A Fresh Perspective

Successful food retailers share common attributes: we're meticulous, we're methodical, we appreciate food and business trends, we respect community, we're competitive and we love our customers. While my priorities have changed slightly in the past few years since coming on board at FMI, my perspective remains intently focused on the future of this industry, and that future is fresh.

As it's often described in our inner grocer circles, "the perimeter" is the new buzz term for increased profits. Fresh foods, inclusive of fresh prepared food offerings, are noted differentiators for the 40,000 stores we represent now, and we see no evidence of that changing anytime soon. This provides our industry with the additional opportunity of demonstrating how the grocery perimeter interacts with center store and enhances profitable fresh food strategies.

My new sounding board is FMI's Fresh Executive Committee, made up of some of the leading authorities in the fresh category. As these seasoned professionals tell me — and our research substantiates — traditional supermarkets should look to prepared foods in order to cater to a discerning consumer.

Perimeter's role in center store

Supermarkets are catering to an increasingly conscious shopper, especially in helping consumers overcome barriers to choosing healthful foods. Grocers are sensitive to the demands of their knowledge-seeking shoppers and they're reinforcing their position as the experts in food and nutrition as substantiated by the fact that more companies and stores are employing supermarket registered dietitians. And speaking of catering, foodservice-type offerings like sushi stations and coffee bars offer cross-merchandising opportunities to encourage a pathway to the center of the store.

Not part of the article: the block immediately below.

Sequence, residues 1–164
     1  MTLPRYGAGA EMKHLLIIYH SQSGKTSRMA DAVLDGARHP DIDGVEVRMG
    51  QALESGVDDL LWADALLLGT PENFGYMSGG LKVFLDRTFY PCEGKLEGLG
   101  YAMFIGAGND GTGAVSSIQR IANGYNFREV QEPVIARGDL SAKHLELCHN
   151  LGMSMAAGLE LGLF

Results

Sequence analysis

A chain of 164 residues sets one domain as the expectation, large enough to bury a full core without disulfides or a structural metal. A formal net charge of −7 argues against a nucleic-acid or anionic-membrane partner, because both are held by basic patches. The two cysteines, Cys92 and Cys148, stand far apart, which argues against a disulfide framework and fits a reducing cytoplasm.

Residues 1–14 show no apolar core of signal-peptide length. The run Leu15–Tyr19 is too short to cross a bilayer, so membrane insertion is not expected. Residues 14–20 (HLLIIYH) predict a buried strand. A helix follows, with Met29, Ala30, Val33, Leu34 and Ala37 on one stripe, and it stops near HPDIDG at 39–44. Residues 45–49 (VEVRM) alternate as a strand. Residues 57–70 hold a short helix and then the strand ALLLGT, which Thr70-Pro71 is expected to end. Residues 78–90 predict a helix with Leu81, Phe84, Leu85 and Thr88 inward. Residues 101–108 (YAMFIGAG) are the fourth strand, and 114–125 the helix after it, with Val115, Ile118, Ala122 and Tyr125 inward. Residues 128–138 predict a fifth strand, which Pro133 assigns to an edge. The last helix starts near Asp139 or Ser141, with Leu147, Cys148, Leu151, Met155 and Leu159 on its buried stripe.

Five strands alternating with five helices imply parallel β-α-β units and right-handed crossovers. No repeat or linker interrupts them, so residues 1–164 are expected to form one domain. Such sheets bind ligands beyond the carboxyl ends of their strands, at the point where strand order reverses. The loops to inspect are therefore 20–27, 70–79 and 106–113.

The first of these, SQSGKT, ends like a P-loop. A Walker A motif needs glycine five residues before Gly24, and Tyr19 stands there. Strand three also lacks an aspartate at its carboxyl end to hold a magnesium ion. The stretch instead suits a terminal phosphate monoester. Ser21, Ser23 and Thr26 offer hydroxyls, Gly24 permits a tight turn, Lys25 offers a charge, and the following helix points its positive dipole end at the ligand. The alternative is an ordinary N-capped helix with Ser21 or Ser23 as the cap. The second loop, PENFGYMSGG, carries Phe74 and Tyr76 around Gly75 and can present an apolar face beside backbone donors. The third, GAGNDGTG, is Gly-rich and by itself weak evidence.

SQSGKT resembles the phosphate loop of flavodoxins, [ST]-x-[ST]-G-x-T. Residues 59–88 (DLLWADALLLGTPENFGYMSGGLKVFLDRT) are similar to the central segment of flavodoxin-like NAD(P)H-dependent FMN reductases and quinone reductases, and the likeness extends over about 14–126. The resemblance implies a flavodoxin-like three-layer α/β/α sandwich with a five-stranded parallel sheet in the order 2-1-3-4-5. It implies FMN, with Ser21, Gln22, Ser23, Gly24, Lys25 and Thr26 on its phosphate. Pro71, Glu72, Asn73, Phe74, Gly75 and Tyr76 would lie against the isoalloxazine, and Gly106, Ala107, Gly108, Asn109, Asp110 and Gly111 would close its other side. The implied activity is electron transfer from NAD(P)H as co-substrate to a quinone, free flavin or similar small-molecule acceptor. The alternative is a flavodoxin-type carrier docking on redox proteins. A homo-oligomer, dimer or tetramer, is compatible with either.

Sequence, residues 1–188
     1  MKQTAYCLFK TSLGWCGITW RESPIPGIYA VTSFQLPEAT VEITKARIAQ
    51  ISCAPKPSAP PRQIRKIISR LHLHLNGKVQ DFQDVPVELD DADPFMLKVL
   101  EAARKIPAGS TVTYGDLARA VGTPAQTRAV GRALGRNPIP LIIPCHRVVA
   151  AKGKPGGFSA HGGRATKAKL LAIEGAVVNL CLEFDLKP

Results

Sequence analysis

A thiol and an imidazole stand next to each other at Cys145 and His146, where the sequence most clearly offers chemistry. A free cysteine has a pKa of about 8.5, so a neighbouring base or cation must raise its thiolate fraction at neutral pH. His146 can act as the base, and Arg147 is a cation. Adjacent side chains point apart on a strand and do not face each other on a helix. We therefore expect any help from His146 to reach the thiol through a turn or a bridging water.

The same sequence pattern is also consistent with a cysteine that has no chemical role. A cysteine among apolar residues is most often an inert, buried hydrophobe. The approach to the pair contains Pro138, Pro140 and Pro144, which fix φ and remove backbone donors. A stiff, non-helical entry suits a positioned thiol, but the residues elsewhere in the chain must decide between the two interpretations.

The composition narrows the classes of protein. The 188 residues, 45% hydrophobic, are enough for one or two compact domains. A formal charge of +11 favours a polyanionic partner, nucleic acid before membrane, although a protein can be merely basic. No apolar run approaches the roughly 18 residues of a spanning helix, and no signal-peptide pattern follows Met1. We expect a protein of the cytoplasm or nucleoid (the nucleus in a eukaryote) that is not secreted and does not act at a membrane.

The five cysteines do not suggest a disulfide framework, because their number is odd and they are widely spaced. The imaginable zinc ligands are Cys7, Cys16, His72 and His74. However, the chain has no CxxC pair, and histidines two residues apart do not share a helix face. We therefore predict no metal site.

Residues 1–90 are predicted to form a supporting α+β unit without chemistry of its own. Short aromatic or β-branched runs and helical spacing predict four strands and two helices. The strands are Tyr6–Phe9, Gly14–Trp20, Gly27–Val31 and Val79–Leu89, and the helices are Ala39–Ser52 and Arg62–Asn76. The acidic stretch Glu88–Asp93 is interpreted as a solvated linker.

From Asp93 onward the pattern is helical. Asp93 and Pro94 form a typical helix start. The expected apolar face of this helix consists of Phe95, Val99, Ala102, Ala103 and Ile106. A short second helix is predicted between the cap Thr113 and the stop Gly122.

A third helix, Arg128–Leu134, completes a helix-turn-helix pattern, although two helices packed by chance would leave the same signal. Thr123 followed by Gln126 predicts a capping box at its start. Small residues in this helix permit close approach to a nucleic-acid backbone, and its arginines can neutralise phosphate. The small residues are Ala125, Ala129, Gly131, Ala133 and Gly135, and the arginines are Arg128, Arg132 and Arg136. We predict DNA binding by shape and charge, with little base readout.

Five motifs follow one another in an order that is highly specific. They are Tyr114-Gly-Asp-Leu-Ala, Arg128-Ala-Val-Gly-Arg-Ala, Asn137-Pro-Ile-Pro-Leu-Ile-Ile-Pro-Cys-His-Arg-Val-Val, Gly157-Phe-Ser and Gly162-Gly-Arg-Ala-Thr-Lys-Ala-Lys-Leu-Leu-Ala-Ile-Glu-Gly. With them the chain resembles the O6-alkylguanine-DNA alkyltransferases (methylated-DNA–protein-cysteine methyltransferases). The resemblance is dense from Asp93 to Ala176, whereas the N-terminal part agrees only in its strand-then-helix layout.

Improving profitability with fresh

It's no secret that fresh-oriented categories continue to garner relevance within the store. Retailers told us in our annual operations survey that they would invest more in fresh foods — dairy, produce, meat, seafood and bakery — as well as prepared food programs in 2015. Fresh growth far outpaces total store, total edibles and center-store growth, with several of the fresh categories showing volume growth along with dollar growth, and deli/fresh prepared sales as a percentage of total sales ranging from 0.5 percent to as much as 35 percent, with an average of 7.4 percent. Hand-in-hand with a focus on fresh is an emphasis on organic products, according to 98 percent of retailer respondents in our annual operations survey. Still, regulatory issues, like country-of-origin labeling, menu labeling and the Food Safety Modernization Act, maintain far-reaching business implications for our industry.

Consumer trends in fresh

Consumer attraction to fresh is influencing their overall expectations of retailers. Subsequent only to low prices, fresh, less-processed goods top the list in retailer attributes that are reported as very important to consumers. Another trend we are watching is the consumer preference for locally produced items. In a direct comparison, local wins out in a fruit-purchasing scenario where conventional, local and organic are all equally priced. Furthermore, 6 in 10 shoppers encourage their stores to add more organic and local items. In all, appearance often beats price in purchasing decisions, according to FMI's Power of Produce 2015.

Shopper trends in fresh prepared foods also suggest some competitive strategies unique to retail, since consumers continue to allocate a large portion of their food spending at foodservice, and retailers can position themselves as a healthier option.

FMI Research Portfolio
Top Trends in Fresh, FMI and IRI

  • The Sophistication of Supermarket Fresh Prepared Foods, FMI & Technomic
  • Power of Meat 2016, FMI, North American Meat Institute and 210 Analytics
  • FMI U.S. Grocery Shopper Trends
  • FMI U.S. Food Retailing Industry Speaks (operations data)
  • Coming Soon to FMI Connect in June: 2016 Power of Produce and Power of Deli

Research is available for download at